Sometimes forgotten in the 100-year legacy of Bentley is the English manufacturer’s legacy at LeMans, the famous French racetrack and its 24-hour race.
Joseph Bentley, the company earlier in-house designer was against the idea of participating in the event. He believed it was too severe to race a car at top speeds for 24 hours.
But after attending the race, Bentley changed his mind and the manufacturer changed its perspective. Bentley won five of the first eight 24 Hours of LeMans events beginning in 1924 — and the legacy of the luxury vehicle had begun.
Andrew Noakes, the author of the new book 100 Years of Bentley, writes about Bentley’s legacy at LeMans and many other topics in his volume that celebrates the manufacturer’s centenary.
Noakes is our guest from England in Episode #106 of The Weekly Driver Podcast. Co-hosts Bruce Aldrich and James Raia discuss with Noakes the celebration of of the iconic carbuilder — from its earliest models to its modern-day vehicles.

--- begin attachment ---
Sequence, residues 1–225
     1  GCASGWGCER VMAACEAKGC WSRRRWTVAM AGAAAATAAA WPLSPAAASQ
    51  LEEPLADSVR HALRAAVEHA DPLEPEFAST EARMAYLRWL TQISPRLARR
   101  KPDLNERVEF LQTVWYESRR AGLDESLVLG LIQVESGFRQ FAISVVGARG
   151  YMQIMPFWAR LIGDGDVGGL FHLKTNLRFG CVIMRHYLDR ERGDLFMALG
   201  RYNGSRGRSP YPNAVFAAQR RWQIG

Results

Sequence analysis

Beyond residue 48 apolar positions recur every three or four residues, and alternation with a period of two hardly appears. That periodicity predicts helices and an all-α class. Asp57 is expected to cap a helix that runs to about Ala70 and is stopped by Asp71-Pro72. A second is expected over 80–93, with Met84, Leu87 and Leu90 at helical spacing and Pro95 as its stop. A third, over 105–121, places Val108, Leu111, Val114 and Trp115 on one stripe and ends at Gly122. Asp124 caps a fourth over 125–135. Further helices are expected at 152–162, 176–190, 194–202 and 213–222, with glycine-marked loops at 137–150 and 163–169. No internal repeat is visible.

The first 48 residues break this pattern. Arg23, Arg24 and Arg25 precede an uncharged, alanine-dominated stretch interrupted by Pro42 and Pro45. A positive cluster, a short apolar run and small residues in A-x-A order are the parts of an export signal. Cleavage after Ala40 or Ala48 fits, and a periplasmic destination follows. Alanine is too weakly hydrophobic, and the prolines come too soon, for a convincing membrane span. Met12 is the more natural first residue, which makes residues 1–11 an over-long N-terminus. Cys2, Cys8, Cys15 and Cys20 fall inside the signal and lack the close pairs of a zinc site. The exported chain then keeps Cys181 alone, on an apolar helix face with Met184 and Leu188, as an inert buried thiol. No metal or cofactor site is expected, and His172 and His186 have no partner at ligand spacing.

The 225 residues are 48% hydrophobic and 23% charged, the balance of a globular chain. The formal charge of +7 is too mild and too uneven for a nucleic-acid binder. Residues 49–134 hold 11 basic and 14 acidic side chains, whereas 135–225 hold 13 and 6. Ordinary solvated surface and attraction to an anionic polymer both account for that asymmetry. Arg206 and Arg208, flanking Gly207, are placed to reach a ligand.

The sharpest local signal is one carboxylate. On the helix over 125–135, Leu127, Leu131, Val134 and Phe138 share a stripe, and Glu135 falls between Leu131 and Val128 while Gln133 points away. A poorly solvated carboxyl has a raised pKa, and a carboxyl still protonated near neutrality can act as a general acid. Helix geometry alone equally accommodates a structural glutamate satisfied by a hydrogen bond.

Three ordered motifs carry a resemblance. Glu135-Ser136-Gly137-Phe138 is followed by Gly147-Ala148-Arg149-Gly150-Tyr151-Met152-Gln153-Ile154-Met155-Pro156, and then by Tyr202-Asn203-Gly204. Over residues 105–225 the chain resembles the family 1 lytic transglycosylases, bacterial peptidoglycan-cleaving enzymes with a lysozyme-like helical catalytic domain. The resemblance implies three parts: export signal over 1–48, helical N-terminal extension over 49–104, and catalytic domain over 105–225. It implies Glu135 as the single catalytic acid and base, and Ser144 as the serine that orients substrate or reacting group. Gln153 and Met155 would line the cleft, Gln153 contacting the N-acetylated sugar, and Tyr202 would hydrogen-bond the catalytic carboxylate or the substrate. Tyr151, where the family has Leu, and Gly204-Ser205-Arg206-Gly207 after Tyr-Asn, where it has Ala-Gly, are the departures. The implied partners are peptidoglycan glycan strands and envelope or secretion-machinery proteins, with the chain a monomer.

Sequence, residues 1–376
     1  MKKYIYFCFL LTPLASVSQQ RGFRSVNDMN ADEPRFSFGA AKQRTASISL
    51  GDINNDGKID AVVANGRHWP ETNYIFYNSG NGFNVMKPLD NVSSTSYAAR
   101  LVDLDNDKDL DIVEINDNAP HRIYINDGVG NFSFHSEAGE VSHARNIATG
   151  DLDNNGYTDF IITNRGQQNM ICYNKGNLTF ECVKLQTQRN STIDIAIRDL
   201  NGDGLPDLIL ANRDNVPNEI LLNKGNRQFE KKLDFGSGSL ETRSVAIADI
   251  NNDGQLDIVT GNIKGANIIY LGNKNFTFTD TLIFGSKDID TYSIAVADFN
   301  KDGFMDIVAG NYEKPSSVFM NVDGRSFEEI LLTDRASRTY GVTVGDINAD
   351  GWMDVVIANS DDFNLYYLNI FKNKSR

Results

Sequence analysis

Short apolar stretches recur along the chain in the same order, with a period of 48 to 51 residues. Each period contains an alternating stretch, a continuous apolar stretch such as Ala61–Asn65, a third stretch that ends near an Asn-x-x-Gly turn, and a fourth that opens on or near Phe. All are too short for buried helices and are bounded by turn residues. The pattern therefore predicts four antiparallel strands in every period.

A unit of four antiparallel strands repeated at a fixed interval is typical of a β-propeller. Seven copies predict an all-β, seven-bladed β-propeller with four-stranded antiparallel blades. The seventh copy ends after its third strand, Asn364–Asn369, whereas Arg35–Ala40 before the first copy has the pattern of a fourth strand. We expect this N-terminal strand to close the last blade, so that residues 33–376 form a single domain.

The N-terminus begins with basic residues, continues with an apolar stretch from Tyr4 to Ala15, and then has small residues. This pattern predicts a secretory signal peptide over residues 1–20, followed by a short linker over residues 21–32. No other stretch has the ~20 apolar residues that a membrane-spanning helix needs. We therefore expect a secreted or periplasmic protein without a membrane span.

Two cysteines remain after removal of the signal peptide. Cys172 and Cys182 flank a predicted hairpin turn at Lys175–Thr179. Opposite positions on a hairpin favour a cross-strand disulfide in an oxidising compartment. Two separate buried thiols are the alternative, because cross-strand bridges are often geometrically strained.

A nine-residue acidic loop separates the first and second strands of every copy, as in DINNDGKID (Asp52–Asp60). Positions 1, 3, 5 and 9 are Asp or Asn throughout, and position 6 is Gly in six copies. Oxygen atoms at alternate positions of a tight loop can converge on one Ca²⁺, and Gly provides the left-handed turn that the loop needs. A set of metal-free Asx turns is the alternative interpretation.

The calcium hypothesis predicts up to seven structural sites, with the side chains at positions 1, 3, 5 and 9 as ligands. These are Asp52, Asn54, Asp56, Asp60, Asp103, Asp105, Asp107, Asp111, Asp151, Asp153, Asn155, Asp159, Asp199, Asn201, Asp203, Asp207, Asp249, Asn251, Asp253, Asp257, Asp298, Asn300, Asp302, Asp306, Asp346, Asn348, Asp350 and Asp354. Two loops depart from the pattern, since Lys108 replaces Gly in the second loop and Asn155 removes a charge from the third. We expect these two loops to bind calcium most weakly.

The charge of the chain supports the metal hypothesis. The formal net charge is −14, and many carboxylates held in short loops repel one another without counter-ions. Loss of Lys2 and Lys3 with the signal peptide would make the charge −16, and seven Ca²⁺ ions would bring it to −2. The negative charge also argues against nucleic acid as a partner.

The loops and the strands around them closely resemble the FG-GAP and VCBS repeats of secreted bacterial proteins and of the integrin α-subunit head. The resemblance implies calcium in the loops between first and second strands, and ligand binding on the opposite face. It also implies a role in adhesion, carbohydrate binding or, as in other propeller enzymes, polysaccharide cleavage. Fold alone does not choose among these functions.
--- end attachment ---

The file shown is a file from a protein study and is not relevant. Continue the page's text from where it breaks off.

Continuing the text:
Featuring more than 200 images, including some never seen in prints, 100 Years of Bentley include the history of W.O. Bentley’s early days as a railway engineer along with his first attempts at modifying French DFP cars, to the company’s early racing exploits.
Despite its prominence, Bentley has endured financial difficulties One result was its acquisition by Rolls-Royce in 1933. The respective brands’ vehicles were exceedingly similar, particularly during the 1970s.
The companies separated in 1998 after a contentious legal negotiation. Rolls-Royce is now owned by BMW; Bentley is part of Volkswagen AG.
Bentley’s reliance on others for its continuing heritage doesn’t diminish its long tenure of individualism.
It’s all in the book and it’s all part of our interview with Noakes. Please join us.
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